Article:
The photo shown below was taken at a market in Shanghai, China.
Can you guess what they are?
If you guessed, water caltrop 菱, you're right!
Water caltrops (Trapa natans) are the seeds of a floating annual aquatic plant that's native to warm temperate parts of Eurasia and Africa. The plant grows in slow-moving water up to 5 m deep, and bear an ornately shaped fruit that resembles the head of a bull or the silhouette of a flying bat. Each fruit contains a single very large, starchy seed. T. natans and T. bicornis have been cultivated in China and the Indian subcontinent for at least 3,000 years for the edible seeds that are used in pastries, served steamed or boiled from street vendors, and even as a remedy for inebriation.
When it comes to genome size, a rare Japanese flower, called Paris japonica, is the current heavyweight champ, with 50 times more DNA than humans. It is a slow growing perennial that sports a rare, showy white star-like flower above a single whorl of about eight stem leaves. The exceptionally large genome of P. japonica is due to the fact that it's an octoploid, meaning it has four sets of chromosomes - on the contrary, humans are diploid (two sets). Its 40 chromosomes consist of 150 billion base pairs of DNA per cell, therefore making its genome the largest known genome of any living organism. In fact, the DNA from a single cell could theoretically stretch out to be longer than 300 feet (91 m). [ ... ]
Mad honey is a rare hallucinogenic honey that is made by the Giant Bee of Himalayas (Apis dorsata laboriosa) in Nepal. The bee lives and nests at altitudes between 2 500 and 3 000 meters, where it builds very large nests under overhangs on the south-western faces of vertical cliffs. The honey possesses hallucinogenic properties because it contains an ingredient from rhododendron nectar called grayanotoxin - a natural neurotoxin that, even in small quantities, brings on light-headedness and hallucinations. Since it is difficult to harvest and has special properties, this kind of honey is expensive and sells for about five times the price of normal honey in the foreign market. So, the honey hunters take absurd risks to get the honey from over [ ... ]
An old fishing village on the island of Shengshan on the Yangtze River was abandoned for economic reasons, only to become one with nature.
The island, a few hours east of Hangzhou Bay, is a stark contrast to the vibrant metropolitan skyline of nearby Shanghai - an image conjured up in many westerners' minds when imagining populous China. Some of the islands at the mouth of the Yangtze river are popular tourist destinations and have been described as a paradise for seafood lover, while others are inhabitable. The stunning scenery on Shengshan Island is the result of the houses and outbuildings being slowly consumed by nature. The seaside village now lies empty because it was more economical for the fishermen to move and work on the mainland [ ... ]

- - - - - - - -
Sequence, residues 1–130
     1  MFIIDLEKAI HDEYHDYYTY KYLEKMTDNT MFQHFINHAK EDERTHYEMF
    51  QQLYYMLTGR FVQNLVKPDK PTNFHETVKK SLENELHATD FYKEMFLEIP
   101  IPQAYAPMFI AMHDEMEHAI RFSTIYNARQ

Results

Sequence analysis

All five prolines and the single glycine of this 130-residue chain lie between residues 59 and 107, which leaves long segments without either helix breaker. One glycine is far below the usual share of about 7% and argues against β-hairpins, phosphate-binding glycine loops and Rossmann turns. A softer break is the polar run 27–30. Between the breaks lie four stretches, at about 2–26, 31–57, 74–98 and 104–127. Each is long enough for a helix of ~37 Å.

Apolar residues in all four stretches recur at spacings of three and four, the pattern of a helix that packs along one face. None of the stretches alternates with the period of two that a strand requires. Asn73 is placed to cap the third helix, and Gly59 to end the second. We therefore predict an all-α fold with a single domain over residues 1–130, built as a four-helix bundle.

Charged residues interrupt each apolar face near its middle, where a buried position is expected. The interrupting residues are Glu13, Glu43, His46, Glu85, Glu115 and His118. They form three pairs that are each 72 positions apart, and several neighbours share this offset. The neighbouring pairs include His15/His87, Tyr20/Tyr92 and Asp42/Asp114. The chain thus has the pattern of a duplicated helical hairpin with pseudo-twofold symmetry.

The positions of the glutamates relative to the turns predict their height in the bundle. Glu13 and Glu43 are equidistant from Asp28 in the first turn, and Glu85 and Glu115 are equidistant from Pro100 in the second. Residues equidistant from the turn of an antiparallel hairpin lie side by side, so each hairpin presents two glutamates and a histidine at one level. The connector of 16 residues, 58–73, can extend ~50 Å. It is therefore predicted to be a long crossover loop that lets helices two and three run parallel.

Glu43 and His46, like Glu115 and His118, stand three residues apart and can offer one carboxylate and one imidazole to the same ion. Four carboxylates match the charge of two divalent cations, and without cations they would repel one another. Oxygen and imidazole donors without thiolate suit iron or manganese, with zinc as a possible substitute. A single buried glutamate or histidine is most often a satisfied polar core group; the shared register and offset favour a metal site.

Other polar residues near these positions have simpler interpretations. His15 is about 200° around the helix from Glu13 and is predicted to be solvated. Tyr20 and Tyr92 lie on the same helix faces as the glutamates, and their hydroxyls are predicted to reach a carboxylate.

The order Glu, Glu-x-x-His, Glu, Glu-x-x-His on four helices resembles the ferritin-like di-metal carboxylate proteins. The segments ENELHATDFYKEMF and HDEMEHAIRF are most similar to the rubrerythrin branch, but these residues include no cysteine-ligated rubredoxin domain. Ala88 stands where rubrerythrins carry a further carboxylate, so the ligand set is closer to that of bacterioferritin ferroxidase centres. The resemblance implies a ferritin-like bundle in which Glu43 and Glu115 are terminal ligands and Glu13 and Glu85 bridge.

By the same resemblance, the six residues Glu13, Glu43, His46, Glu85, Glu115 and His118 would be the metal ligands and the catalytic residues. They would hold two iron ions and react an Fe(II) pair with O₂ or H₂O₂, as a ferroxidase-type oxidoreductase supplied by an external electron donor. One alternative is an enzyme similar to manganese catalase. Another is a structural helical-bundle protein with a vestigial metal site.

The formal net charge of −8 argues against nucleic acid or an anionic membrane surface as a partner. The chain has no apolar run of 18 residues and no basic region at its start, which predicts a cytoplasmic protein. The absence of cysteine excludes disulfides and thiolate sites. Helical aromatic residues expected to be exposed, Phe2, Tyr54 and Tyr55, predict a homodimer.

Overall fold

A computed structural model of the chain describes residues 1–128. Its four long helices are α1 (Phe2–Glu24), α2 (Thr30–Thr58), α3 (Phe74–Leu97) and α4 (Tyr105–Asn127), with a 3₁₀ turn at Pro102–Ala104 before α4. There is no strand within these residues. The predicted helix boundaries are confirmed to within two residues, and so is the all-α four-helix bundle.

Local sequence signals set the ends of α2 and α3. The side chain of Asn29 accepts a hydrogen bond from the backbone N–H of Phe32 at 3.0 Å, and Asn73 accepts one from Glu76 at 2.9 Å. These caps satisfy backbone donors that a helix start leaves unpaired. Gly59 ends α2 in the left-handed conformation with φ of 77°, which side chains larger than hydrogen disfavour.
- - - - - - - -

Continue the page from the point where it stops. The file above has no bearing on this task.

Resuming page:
Meet the Irrawaddy dolphin (Orcaella brevirostris), a euryhaline species of oceanic dolphin found in discontinuous subpopulations near sea coasts and in estuaries and rivers in parts of the Bay of Bengal and Southeast Asia. Genetically, the Irrawaddy dolphin is closely related to the killer whale (orca). As evident in the collage, its forehead is high and rounded, and unlike most dolphins, the beak is lacking, giving it a you know what appearance - don't get any funny ideas now! [ ... ]
Apparently, walking across this glass pedestrian bridge in Zhangjiajie’s Grand Canyon, China is meant to make you feel like you're floating in thin air. The bridge seems to float 1,300 feet above the ground, almost as though it were part of the clouds. The bridge will be open later on this year!
These brightly colored crayfish are found in Indonesia. While colored crayfish have been sold commercially in Asia since the early 2000s, this recently-discovered sub-species has a distinctive body shape and color from others in the Cherax family.
Eucalyptus deglupta, commonly called rainbow eucalyptus, is a very large, fast-growing, broadleaved evergreen tree that is native to moist humid tropical forested areas with high rainfall in New Guinea, Indonesia and the Philippine Islands (Island of Mindanao).
It is perhaps best noted for its smooth orange-tinted trunk bark which peels in summer to reveal a unique and sometimes stunning multi-colored bark (as described by the common name of rainbow eucalyptus) consisting of streaks of pale green, red, orange, gray and purple-brown. [ ... ]
On the Mediterranean island of Cyprus, you might be lucky to find a black flamingo. Normal flamingoes are born white and grey, and turn their iconic shade of pinky orange around the age of two, as a result of the high carotenoid content of the algae and crustaceans that they eat.
Experts believe that this individual (and potentially the other bird spotted in Israel) has a genetic condition that causes it to overproduce melanin, changing its feathers to black.
Cherry blossom stones are entirely natural, containing complex mineral deposits that look just like gold and pink flowers when they're broken in half. And believe it or not, these incredibly rare stones are only found in one place on Earth - Japan.
This is a full-disk image of Mars, showing nearly an entire hemisphere of the Red Planet. It was captured this week by India's Mars Orbiter Mission and shows a storm brewing in the north (around the 11 o'clock position).
Nature likes to be a little fabulous sometimes. That's why it makes hot pink animals including: fluorescent slugs from Australia; poisonous shocking pink dragon millipedes from Thailand; pink-bryozoan munching nudibranchs from California; and hairy squat lobsters.
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